What’s being billed as a bookkeeping error at the Montana Department of Revenue will prompt Missoula County to withdraw up to $2 million in tax increment and pass it on to the area’s taxing jurisdictions, including an elementary school.
Dori Brownlow, director of the county’s development district, said the error was discovered recently as the county prepared to sunset its tax increment financing district at the Missoula Development Park.
Brownlow said the county filed an amended map for the district in 2006 to remove several non-industrial properties from the TIF portion of the district, though DOR inadvertently put them back in the next year, diverting tax revenues back into the TIF and away from the taxing jurisdictions.
“We can only guess it was a bookkeeping entry by DOR in 2007 when they put them back in,” Brownlow said. “It means some of the taxes paid were in the increment when they should have gone out to the taxing jurisdictions.”
Brownlow said the county removed the Wingate Hotel, the Harley Davidson retail and repair shop and Lithia Motors, along with other properties, from the TIF district in 2006, though the properties were added back in through the state’s bookkeeping error.
She placed the cost of the error at roughly $2 million, though the county is working to calculate the exact amount. The funds are available within the TIF district, which sunsets on July 1. The money goes to DeSmet Public School and Missoula Rural Fire, among other taxing jurisdictions, Brownlow said.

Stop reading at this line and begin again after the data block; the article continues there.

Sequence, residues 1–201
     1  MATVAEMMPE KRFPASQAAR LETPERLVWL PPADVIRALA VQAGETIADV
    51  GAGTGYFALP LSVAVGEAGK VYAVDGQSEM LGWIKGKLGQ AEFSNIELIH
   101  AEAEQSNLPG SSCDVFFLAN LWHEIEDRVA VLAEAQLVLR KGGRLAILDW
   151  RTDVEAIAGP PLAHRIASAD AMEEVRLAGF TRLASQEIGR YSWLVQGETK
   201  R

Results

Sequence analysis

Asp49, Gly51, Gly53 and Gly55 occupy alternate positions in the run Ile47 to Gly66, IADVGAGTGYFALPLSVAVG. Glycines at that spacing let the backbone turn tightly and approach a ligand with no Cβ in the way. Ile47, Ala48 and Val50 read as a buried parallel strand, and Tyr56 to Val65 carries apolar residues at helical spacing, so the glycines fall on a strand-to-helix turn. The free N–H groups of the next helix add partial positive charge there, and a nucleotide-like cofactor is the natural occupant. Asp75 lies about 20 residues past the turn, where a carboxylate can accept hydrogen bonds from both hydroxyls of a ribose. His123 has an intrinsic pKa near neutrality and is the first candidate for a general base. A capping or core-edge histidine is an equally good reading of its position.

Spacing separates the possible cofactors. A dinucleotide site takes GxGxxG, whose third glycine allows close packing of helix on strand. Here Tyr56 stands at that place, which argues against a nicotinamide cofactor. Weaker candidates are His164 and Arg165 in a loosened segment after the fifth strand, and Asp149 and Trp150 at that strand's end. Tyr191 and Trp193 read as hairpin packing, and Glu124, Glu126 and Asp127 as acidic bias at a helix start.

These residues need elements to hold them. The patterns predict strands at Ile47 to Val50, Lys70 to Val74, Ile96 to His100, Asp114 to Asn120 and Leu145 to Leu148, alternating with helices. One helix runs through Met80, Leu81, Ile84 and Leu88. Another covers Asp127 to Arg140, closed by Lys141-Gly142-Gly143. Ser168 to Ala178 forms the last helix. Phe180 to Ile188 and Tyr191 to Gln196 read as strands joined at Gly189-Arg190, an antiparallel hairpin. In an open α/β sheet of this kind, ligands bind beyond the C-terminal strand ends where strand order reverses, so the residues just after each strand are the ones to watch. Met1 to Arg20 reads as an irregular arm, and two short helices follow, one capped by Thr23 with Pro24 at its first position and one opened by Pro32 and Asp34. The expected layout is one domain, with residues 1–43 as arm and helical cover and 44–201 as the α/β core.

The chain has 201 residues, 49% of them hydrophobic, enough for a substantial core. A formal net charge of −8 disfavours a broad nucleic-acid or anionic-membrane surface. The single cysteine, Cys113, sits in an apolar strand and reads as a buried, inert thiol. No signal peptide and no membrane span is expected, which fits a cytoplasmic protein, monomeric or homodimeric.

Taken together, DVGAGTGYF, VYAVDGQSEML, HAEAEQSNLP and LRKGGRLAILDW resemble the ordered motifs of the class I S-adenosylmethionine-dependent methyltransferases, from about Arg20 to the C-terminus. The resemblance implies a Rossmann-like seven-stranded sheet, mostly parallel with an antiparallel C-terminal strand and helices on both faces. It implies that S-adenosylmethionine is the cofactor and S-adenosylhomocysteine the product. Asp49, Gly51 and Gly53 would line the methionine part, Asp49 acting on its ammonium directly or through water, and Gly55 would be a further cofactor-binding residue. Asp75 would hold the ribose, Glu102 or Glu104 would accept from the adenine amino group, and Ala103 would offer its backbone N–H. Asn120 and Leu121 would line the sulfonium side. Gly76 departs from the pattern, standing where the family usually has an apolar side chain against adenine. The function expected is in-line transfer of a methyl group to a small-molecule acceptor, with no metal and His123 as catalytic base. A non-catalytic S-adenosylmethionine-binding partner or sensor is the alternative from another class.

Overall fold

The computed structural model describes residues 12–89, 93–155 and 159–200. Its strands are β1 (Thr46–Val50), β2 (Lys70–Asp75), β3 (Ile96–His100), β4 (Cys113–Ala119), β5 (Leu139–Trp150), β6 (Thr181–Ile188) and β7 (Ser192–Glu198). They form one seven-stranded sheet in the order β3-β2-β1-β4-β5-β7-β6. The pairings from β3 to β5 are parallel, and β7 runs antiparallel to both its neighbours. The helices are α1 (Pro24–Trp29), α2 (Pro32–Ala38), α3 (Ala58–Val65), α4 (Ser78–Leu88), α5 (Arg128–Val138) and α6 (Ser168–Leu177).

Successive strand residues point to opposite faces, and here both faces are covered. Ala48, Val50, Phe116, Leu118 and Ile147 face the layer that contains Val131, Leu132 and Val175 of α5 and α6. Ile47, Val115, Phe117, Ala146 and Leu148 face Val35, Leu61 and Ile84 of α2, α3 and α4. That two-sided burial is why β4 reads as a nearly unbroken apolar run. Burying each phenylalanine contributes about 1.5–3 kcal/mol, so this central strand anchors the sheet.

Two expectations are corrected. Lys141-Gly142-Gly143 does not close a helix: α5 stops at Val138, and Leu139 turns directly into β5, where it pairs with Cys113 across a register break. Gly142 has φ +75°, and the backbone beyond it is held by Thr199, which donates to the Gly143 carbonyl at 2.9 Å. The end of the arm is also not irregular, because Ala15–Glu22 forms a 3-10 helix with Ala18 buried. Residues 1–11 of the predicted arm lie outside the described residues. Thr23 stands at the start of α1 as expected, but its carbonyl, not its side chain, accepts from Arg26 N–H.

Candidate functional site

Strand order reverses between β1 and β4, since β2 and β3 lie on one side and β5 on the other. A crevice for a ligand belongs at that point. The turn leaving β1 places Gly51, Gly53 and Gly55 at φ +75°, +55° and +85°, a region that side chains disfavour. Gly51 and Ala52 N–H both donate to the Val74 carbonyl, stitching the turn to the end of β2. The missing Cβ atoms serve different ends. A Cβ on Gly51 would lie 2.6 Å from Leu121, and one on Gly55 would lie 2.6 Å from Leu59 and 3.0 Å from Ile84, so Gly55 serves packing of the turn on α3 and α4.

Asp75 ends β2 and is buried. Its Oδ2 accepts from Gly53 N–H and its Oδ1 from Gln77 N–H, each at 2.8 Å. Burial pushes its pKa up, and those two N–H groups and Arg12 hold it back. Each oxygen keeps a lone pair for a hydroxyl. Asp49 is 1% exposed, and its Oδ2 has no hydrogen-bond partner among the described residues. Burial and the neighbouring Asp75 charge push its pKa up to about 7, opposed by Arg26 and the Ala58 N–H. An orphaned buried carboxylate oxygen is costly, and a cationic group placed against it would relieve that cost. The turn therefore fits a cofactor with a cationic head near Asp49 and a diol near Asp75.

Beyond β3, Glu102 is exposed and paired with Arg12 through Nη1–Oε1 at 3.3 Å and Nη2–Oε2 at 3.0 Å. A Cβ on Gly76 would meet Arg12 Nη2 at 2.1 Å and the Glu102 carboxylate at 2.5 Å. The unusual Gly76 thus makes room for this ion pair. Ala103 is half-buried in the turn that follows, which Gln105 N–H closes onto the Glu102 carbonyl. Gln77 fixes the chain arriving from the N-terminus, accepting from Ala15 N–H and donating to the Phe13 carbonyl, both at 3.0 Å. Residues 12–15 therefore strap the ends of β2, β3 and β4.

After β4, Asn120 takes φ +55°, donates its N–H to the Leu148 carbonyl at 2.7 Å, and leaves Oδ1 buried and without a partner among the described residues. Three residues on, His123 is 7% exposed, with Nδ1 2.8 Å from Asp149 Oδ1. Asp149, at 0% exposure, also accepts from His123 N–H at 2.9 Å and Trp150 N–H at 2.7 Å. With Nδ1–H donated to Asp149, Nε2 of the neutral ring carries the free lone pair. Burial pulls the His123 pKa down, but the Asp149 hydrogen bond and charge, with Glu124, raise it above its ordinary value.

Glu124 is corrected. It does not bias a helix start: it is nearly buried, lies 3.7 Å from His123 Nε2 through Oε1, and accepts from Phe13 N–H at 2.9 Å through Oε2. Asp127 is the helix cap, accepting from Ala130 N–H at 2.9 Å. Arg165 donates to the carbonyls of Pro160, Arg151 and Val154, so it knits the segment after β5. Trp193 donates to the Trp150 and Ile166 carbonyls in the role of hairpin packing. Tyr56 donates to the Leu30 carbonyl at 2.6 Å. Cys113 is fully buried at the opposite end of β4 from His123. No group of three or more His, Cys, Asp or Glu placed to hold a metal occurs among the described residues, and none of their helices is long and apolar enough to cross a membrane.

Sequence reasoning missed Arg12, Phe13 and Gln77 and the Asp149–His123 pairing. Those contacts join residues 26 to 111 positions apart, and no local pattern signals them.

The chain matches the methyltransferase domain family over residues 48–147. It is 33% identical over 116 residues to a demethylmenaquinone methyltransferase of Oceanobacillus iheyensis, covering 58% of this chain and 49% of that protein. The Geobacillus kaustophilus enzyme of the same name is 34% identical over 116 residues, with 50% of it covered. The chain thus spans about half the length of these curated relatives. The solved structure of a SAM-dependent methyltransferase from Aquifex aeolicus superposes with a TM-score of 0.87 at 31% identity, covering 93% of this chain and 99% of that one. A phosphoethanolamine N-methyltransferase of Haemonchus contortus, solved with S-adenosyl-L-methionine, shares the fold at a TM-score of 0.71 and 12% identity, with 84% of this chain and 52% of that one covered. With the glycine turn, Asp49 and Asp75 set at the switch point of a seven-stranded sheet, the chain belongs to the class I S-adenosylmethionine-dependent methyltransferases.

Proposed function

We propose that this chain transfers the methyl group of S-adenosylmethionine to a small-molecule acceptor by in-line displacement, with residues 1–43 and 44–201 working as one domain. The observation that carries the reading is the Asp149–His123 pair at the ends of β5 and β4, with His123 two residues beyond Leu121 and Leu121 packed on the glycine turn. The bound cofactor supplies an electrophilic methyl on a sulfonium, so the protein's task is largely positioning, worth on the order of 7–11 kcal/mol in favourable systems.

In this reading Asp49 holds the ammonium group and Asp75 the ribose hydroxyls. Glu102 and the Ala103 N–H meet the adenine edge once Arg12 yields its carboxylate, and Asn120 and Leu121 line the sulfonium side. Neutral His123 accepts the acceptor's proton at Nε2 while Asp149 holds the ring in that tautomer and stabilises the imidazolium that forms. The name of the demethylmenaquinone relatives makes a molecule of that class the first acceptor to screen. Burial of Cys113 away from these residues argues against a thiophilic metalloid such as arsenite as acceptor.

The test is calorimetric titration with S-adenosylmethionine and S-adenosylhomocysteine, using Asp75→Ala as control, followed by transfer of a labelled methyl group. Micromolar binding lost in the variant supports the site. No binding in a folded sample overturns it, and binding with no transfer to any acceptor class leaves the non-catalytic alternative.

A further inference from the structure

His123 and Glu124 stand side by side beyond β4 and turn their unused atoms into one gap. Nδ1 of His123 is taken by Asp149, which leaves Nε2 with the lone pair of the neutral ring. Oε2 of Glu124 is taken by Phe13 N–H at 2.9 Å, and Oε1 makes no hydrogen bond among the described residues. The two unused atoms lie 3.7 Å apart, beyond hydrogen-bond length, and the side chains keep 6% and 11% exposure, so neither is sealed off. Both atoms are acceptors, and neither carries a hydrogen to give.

“We’re thankful we have the money in the district,” Brownlow said. “It’s money that would be paid out to the taxing jurisdictions, regardless, after the district sunsets.”
Despite the error, the TIF district has been hailed as a success. It was formed in the 1990s and is 80 percent occupied with light industrial development, along with a collection of commercial properties. The technology portion of the district remains empty.
Brownlow said other TIF requests are pending, though the county will need to recalculate how much money the district has remaining after it withdraws what’s owed to the taxing jurisdictions.
“The airport has put in a funding request, but we’re delaying taking that to the commissioners until we know how much money we have,” she said. “We have a number of projects in that district we’re working on right now.”
The city of Missoula is preparing plans to annex the district, possibly later this year.
Given the growing need for industrial properties, both Missoula International Airport and county officials are looking at other development opportunities.
The county is chasing a federal grant that could help fund a multi-million dollar infrastructure project to improve access to land owned by the airport and eyed for light-industrial development.
The Wye is also being looked at as a possibility.
“There’s a very general discussion about the Wye area,” Brownlow said. “There’s an area out there that’s really looked at a lot for industrial development. But without infrastructure in place, you’re going to get haphazard development.”